Monday, July 9, 2012

Your Child's Autism Cures You From Trying to Please Everyone

Fron Huffington Post's Dafna Maor.

It was one of those things that anyone who works in the digital age comes across from time to time. Sometimes you send an email to the wrong person and then there is hell to pay. Oh, the shame. Sometimes, it's a Word document that gets deleted the second you finish writing a terrific proposal for a new project, the one which will catapult you to stardom at work. And sometimes, it's just a little misunderstanding of nuance when you use your instant messenger or Facebook chat to discuss work with a colleague.
Working in a media outlet doesn't necessarily guarantee that you are surrounded by people with high communication skills and knowledge of the human psyche. When egos and dispositions are involved, things tend to heat up.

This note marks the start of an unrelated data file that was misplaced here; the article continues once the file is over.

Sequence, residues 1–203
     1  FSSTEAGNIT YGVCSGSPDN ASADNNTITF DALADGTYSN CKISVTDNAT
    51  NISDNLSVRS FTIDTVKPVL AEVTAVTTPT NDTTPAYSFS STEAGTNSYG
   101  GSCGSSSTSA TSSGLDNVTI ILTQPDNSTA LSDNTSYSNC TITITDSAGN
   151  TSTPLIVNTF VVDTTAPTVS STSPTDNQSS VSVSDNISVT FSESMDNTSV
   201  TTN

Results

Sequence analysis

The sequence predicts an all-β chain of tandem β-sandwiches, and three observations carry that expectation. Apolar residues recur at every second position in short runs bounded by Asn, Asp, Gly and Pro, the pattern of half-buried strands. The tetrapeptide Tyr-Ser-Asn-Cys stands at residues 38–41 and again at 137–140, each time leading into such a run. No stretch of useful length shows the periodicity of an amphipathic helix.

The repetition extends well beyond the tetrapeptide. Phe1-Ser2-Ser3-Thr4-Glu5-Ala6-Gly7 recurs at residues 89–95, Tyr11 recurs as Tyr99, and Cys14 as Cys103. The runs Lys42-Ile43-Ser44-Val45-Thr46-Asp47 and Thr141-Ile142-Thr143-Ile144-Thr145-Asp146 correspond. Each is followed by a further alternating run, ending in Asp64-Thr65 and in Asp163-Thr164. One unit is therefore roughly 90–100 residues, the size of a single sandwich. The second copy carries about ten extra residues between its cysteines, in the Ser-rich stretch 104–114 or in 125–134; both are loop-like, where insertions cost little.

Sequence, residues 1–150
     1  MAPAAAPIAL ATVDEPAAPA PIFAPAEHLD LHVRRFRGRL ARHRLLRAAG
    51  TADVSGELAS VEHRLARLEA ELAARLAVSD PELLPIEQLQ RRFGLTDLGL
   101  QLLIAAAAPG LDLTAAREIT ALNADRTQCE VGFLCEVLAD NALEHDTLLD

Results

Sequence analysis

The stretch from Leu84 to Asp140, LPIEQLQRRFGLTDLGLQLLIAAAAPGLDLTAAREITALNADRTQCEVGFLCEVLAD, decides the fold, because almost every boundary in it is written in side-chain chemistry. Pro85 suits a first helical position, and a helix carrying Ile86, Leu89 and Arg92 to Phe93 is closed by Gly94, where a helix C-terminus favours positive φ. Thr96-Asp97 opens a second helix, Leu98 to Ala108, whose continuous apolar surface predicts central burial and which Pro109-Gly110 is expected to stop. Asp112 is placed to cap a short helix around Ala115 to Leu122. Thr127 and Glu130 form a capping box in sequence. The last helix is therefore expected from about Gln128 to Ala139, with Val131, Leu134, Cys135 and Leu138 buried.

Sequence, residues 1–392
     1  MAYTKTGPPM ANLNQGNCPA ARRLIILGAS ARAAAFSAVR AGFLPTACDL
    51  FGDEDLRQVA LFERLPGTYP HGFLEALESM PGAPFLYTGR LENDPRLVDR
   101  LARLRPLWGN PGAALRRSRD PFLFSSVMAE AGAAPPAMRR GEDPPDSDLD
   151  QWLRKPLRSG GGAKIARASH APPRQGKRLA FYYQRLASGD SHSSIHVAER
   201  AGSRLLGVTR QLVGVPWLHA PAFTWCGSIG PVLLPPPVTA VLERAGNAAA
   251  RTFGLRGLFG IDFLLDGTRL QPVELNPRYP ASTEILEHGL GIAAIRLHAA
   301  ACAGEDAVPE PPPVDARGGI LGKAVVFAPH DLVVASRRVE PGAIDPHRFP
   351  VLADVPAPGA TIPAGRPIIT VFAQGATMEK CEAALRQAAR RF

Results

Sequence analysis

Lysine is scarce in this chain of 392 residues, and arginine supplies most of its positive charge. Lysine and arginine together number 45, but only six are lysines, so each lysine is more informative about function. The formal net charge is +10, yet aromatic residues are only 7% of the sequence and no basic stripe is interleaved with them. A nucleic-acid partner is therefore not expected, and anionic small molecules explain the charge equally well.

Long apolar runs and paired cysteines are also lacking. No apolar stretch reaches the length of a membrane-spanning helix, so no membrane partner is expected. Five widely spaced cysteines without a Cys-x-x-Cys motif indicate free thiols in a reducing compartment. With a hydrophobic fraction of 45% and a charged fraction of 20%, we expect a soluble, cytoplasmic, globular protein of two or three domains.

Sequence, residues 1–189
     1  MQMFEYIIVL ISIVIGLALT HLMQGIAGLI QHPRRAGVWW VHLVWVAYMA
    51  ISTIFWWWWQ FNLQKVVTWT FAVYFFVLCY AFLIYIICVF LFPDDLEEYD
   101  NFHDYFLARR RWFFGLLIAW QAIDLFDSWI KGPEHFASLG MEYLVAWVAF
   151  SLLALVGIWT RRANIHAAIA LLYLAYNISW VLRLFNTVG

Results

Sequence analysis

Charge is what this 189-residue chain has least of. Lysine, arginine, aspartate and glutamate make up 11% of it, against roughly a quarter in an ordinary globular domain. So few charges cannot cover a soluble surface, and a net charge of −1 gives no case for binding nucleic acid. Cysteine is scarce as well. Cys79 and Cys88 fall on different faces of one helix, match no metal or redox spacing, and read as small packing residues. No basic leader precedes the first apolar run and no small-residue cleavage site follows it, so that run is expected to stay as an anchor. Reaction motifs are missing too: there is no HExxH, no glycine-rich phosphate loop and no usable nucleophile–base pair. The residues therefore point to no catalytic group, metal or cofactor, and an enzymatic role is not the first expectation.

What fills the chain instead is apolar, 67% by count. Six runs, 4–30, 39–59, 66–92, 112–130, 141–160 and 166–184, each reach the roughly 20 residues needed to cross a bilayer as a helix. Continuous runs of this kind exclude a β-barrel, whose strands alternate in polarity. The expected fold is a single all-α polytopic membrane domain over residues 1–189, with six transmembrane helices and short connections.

It was a nice morning, and a colleague of mine was consulting with me, via messenger, about an idea for a feature for the supplement she was editing. In a matter of a few short minutes, that 'talk' turned very unpleasant. She wanted something and I suggested her idea was not very appealing. She asked for other ideas and I didn't have any, so I said maybe later. She asked why I was so hostile, and when I said she's reading something into my words that wasn't really there, she blew up. She walked over to my desk -- she was sitting just a few feet away, in a niche behind a wall. She demanded I come to the conference room and clear it up.
When this colleague, who is also a good friend, started ranting about hostility and uncooperativeness, I stopped her short.
It was a few months after my son had been diagnosed with autism.

No comments:

Post a Comment